BGP prefix filter list

Blake Hudson blake at
Fri May 17 15:03:20 UTC 2019

Radu-Adrian Feurdean wrote on 5/17/2019 9:15 AM:
> On Fri, May 17, 2019, at 15:28, Blake Hudson wrote:
>>   From my perspective one's ability to intelligently route IP traffic is
>> directly correlated to the data they have available (their routing
>> protocol and table). For example, with static default routes one can
> For me, routing table and available routing protocols are not the only things needed for intelligent routing. And the router is not the only component involved in "intelligent routing". Not these days/not anymore.
> One thing that can help immensely in an internet environment is knowing where the data goes and where it comes from. Knowing your "important" traffic source/destinations is part of it.
> You can say "I can no longer keep all the routes in FIB, so I'll drop the /24s", then come to a conclusion that that you have loads of traffic towards an anycast node located in a /24 or that you exchange voice with a VoIP provider that announces /24. you just lost the ability to do something proper with your important destination. On the other hand, you may easily leave via default (in extreme cases even drop) traffic to several /16s from Mulgazanzar Telecom which which you barely exchange a few packets per day except the quarterly wave of DDoS/spam/scans/[name your favorite abuse]. Or you may just drop a few hundred more-specific routes for a destination that you do care about, but you cannot do much because network-wise it is too far away.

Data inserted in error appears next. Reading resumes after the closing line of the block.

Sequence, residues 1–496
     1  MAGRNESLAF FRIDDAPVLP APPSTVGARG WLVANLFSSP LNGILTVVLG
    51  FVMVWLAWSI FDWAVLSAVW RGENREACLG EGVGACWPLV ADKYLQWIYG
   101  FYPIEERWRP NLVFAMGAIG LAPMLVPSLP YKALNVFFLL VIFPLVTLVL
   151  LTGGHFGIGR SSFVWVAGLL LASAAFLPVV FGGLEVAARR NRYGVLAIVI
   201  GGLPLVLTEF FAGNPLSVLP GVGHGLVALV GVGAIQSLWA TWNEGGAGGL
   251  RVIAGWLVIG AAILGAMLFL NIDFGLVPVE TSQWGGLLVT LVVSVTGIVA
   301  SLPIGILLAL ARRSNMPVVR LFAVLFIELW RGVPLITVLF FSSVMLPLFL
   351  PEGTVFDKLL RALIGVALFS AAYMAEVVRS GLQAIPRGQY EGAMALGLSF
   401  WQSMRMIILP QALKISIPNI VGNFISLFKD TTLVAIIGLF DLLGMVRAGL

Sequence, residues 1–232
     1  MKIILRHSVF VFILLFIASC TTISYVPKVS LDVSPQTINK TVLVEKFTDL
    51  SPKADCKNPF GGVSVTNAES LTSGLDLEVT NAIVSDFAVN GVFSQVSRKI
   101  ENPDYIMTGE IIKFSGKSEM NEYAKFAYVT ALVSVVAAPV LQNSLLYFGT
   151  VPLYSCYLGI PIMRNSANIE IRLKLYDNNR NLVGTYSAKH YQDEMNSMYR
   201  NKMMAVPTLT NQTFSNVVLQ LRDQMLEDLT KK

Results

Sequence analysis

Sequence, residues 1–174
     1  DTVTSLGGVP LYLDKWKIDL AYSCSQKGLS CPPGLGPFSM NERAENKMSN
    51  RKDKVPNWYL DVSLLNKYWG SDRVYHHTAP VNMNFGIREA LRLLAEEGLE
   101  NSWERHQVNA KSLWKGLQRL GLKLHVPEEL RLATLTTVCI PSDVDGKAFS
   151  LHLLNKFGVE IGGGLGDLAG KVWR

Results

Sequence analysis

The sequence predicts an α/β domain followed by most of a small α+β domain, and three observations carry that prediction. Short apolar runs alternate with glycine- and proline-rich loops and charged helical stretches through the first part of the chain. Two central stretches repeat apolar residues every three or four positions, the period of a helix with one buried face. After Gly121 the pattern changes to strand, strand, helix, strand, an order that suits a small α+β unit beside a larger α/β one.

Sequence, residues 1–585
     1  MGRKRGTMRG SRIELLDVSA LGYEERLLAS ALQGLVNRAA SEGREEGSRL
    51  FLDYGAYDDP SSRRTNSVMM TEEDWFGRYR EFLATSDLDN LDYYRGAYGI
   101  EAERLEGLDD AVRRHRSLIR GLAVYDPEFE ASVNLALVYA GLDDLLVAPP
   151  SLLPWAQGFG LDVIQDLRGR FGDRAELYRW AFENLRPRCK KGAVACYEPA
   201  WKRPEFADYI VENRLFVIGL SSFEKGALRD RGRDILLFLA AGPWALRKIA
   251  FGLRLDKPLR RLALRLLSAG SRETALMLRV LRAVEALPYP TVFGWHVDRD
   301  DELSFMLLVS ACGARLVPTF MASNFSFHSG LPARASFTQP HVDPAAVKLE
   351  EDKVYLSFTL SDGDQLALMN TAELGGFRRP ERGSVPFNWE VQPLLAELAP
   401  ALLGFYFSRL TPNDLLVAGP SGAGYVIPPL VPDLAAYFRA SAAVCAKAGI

> Of course, such an approach involves human intervention, either for selecting the important and non-important destinations or for writing the code that does it automagically. Or both. There is no magic potion. (as a friday afternoon remark, there used to be such a potion in France, the "green powder", but they permanently ran out of stock in 2004 - see - site in fr_FR).

Radu, you're absolutely correct that BGP does not include the metrics 
often needed to make the best routing decisions. I mentioned metrics 
like bandwidth, delay, and loss (which some other routing protocols do 
consider); and you mentioned metrics like importance (I assume for 
business continuity or happy eyeballs) or the amount or frequency of 
data exchanged with a given remote AS/IP network. BGP addresses some 
problems (namely routing redundancy), but it has some intentional 
shortcomings when choosing the cheapest path, best performing path, or 
load balancing (not to mention its security shortcomings). Some folks 
choose to improve upon BGP by using BGP "optimizers", manual local pref 
adjustments, or similar configurations. And as this discussion has 
shown, other folks choose to introduce their own additional shortcomings 
by ignoring part of what BGP does have to offer. Perhaps in the future 
we will be able to agree on a replacement to (or improvements upon) BGP 
that addresses some of these shortcomings; we may also find that 
technology solves the limitations that currently force some folks to 
discard potentially valuable routing information.

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